After mating, the female will hide out in her underground den while the male goes out to hunt for food. Both the male and female Draggle stay together until the young grow to adulthood. The female will later lay two large, silver coated eggs. Draggle eggs are quite valuable in Australian culture and are favored by many predators so, in result both the male and female will take turns leaving the den to hunt for food. As soon as the eggs hatch, the female and male leave the den together to search for food. Each parent takes care of the same sex child if both a male and female are born. Sometimes one parent will have to take care of both children but, usually the other parent will help out in caring for their young. After learning to the basics of survival, the parents will start taking them along hunting. When they reach adulthood, the children leave the den to find a mate and the parents will stay together until one of them dies. Draggles are quite social animals and families from different generations are known to live nearby each other.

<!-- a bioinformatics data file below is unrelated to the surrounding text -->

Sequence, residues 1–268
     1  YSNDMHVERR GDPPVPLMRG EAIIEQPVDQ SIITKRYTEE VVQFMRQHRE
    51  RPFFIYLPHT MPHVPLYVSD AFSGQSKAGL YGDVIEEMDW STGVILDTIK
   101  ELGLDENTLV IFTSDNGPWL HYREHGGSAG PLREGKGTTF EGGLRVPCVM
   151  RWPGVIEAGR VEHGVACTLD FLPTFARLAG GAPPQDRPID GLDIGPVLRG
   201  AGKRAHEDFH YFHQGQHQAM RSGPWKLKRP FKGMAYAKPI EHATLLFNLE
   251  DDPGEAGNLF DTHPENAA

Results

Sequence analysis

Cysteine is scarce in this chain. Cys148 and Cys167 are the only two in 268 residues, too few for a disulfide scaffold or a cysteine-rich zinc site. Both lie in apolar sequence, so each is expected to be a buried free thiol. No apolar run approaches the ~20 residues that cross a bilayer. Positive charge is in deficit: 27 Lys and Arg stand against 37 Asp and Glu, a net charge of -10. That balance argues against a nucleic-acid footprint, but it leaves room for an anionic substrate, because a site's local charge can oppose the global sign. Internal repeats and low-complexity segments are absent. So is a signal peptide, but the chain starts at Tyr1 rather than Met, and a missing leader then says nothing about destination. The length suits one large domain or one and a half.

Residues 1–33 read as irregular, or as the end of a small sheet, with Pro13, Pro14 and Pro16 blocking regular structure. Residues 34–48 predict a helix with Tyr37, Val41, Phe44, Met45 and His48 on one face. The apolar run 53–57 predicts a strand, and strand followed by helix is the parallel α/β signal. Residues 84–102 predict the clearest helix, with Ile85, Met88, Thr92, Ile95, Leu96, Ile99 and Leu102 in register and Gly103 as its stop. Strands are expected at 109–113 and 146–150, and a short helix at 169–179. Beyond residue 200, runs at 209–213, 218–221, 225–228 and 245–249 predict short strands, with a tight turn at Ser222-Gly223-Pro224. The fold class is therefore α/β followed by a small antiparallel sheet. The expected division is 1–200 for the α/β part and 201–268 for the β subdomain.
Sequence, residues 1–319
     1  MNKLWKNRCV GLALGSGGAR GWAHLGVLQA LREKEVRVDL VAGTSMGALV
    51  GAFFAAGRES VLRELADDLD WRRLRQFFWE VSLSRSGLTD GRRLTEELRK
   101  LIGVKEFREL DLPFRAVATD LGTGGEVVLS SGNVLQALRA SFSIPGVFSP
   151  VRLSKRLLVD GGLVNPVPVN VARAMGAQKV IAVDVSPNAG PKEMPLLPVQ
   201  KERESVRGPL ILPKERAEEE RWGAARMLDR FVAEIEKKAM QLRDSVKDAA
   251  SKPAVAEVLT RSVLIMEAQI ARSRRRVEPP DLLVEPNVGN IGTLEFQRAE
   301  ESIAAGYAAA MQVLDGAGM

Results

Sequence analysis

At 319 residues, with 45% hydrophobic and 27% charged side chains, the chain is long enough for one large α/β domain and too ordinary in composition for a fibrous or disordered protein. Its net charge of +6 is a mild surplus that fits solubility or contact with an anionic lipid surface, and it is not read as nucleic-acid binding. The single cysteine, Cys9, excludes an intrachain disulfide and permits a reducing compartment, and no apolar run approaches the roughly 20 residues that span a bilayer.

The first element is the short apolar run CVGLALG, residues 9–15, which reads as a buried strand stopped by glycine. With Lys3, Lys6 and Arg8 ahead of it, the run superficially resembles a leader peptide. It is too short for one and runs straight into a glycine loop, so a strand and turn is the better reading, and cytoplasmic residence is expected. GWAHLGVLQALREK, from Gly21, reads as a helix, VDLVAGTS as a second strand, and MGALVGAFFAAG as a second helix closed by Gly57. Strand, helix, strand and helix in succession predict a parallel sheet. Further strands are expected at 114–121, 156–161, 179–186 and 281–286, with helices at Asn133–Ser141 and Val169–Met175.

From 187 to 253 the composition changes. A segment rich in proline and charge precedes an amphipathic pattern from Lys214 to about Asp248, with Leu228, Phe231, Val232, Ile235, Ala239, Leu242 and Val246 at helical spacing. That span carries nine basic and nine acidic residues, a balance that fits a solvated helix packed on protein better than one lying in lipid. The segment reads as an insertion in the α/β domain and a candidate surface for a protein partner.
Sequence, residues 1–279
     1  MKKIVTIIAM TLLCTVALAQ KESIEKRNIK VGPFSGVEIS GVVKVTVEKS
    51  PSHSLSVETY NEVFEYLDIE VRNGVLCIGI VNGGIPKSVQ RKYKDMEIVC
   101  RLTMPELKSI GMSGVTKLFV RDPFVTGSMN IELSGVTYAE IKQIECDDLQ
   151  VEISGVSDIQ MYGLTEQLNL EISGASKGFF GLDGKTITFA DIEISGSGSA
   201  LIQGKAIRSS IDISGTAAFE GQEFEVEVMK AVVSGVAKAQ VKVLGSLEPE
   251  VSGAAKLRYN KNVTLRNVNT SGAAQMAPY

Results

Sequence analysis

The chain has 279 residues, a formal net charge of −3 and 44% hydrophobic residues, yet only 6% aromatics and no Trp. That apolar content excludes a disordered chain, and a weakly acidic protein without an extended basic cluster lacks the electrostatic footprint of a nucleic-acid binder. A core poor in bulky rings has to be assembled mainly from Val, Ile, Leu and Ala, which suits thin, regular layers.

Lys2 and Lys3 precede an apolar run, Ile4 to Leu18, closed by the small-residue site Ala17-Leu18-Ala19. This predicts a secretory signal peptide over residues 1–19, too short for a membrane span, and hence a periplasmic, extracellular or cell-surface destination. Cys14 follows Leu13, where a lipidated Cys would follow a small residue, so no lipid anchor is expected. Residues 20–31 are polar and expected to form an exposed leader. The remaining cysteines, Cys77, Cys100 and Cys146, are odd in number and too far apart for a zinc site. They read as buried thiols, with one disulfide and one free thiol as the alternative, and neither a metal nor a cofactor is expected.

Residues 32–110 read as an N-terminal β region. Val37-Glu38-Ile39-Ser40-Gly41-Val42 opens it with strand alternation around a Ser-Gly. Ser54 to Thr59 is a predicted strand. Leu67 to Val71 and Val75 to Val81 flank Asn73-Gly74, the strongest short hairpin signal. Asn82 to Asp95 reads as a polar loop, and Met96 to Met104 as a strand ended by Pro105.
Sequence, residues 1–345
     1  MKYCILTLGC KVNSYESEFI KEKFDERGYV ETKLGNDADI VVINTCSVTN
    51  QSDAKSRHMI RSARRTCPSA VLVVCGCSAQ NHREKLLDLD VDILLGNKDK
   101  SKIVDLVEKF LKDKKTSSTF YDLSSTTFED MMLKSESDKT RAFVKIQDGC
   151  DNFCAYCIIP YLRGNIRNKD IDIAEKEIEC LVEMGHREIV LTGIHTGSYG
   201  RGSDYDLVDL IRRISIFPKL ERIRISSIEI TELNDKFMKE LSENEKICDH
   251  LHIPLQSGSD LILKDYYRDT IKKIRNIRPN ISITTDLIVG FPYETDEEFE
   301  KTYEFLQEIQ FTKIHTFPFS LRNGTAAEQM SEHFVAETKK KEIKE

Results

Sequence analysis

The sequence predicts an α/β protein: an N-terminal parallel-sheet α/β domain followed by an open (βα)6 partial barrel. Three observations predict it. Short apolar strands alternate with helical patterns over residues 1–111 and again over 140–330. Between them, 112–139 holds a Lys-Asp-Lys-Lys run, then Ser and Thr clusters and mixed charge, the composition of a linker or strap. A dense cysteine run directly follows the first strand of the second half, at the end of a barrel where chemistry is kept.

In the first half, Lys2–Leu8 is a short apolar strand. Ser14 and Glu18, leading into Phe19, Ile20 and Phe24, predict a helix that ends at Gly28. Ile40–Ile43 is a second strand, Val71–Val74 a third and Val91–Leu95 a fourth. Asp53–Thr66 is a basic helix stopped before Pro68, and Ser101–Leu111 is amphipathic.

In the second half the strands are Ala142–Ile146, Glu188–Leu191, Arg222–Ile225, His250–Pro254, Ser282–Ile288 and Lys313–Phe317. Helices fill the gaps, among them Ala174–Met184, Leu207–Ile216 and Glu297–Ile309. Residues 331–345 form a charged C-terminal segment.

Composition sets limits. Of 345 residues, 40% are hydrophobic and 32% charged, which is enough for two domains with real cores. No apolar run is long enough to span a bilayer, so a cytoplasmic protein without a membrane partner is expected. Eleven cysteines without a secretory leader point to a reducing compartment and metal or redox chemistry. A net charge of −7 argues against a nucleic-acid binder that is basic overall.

Some Monstrologists believe that the Draggle is the next evolutionary stage of the platypus (illustration above) but, the two species are quite different because the Draggle mainly lives on land, only venturing into the water if prey sources are low.